The Vine, built in 1786 and the smallest pub in Norwich, closed its door as an Adnams house in 2006. In 2008, it reopened as a free house and Thai restaurant under the dynamic management of Aey Allen. During our first visit to Norwich a few weeks ago, this was the first pub we came across, and as Lady Alebagger and I are somewhat partial to Thai cuisine, we decided to ‘give it a go’. The first thing you notice is that, yes, it is small. Maybe six tables (I did count them, but I’ve forgotten!) with comfortable chairs. It looks like a very small restaurant, with the tables laid out to facilitate eating, and yet there’s a proper bar in there, too. Not like those you normally find in a restaurant, with weirdly shaped shiny silver alien spaceship-like fizz dispensers, but with four proper handpumps with four proper ales. On offer this evening were The Hanged Monk, a 3.7% mild from Tipples Brewery, Elgood Feelgood Fresh (3.8% pale ale), Oakham Scarlet Macaw (4.4% golden ale) and Wolf Coyote (4.3% bitter).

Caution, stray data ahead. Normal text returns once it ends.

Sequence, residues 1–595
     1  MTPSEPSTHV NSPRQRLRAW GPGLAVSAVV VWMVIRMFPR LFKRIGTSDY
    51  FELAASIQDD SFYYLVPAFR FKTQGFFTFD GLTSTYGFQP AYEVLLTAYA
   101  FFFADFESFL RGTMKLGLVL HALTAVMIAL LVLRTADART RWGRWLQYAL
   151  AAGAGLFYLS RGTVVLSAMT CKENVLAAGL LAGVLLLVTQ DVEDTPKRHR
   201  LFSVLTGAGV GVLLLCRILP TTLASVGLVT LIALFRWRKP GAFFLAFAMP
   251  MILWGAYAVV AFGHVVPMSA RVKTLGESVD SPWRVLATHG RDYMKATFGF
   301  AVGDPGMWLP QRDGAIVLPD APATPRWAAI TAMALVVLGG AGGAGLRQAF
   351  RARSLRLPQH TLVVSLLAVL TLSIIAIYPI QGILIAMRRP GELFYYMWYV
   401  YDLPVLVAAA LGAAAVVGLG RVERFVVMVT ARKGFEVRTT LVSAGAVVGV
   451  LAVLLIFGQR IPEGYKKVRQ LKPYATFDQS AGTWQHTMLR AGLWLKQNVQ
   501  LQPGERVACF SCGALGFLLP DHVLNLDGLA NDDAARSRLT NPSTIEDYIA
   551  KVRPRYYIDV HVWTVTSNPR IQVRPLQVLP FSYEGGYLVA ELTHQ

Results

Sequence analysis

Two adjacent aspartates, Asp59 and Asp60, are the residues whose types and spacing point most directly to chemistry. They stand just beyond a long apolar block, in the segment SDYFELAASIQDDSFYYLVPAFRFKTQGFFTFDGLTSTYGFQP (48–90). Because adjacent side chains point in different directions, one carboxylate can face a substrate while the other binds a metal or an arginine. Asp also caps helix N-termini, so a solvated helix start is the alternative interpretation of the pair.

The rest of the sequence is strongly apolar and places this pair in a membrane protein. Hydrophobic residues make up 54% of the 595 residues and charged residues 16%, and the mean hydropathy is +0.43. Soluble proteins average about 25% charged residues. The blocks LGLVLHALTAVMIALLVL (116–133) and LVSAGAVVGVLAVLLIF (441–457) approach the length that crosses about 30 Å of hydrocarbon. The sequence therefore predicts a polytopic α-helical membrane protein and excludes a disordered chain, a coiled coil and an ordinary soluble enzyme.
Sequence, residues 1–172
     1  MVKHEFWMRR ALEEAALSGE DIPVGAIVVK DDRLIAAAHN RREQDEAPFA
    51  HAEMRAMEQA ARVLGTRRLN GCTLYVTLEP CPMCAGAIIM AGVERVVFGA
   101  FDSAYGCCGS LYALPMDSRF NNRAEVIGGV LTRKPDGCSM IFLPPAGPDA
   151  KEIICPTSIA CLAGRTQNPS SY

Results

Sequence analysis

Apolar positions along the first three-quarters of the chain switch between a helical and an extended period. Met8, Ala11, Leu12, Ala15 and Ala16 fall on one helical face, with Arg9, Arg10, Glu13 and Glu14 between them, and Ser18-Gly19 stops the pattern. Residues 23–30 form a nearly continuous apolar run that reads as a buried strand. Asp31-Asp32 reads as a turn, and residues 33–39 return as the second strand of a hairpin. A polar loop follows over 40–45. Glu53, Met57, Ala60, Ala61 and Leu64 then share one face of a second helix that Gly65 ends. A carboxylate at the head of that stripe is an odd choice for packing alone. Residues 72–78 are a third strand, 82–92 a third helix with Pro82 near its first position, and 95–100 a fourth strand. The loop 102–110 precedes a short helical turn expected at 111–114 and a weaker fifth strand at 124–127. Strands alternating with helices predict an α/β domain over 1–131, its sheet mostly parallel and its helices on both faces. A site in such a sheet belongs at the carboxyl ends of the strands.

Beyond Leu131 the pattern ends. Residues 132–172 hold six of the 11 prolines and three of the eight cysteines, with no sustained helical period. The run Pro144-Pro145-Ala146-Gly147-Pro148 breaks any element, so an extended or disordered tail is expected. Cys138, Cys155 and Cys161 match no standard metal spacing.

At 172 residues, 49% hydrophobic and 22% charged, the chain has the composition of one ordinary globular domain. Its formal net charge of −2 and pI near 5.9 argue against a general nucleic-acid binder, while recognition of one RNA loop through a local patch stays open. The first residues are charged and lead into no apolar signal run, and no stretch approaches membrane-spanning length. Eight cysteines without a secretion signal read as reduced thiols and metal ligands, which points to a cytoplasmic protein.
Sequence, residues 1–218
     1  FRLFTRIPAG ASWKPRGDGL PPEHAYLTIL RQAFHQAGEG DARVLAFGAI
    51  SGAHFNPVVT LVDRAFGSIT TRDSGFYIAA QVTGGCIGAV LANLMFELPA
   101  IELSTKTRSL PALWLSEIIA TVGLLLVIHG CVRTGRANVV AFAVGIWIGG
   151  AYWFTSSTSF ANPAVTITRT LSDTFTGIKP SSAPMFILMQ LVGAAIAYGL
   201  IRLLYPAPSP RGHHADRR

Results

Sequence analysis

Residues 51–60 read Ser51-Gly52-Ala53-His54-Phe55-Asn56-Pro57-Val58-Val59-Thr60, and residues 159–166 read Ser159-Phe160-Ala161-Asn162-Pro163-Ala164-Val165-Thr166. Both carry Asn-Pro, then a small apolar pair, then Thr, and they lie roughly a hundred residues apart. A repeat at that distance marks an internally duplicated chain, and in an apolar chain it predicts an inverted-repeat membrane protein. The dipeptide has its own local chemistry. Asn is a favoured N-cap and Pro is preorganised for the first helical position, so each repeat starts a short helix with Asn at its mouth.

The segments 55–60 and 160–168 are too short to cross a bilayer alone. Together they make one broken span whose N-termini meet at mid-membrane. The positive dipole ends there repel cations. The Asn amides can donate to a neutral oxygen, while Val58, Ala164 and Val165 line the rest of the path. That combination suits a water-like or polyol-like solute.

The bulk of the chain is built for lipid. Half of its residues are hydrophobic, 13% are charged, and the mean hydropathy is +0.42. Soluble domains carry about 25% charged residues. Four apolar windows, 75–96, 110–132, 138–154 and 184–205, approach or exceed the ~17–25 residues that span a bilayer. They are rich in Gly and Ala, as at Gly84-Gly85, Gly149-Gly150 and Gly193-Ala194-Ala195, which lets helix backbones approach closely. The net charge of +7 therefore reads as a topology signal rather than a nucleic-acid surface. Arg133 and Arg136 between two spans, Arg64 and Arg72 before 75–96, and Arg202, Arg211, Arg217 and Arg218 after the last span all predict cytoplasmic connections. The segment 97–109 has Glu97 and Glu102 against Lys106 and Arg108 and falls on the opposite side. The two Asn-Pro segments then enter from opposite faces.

I stood at the bar, and Aey immediately said ‘I know about beer; ask me about the beers!’ So I did, and she certainly did know her beers, obviously having carefully tasted each of those she was serving, as every good landlord should, of course. I settled for a jar of the Hanged Monk to start with. It’s a very dark red in colour, and light in the mouth. Dominant flavours are coffee and a hint of smoke. An excellent beer to start with. By this time, our food had arrived. We had elected to remain downstairs, but there is more restaurant seating upstairs. I find it hard to describe the food. The first mouthful just transported me to a better place. Suffice it to say that Lady A and I ate in total silence, not wishing to disturb the fabulous experience of eating this wonderful, wonderful food. Of course, once the food was done, there were still three more ales to sample, so I plumped next for the Elgood’s Feelgood Fresh. A bright yellow in colour, it has a thin head with a hoppy aroma. The taste is light and hoppy, with an interesting spicy twist which appears towards the finish and goes on into the aftertaste.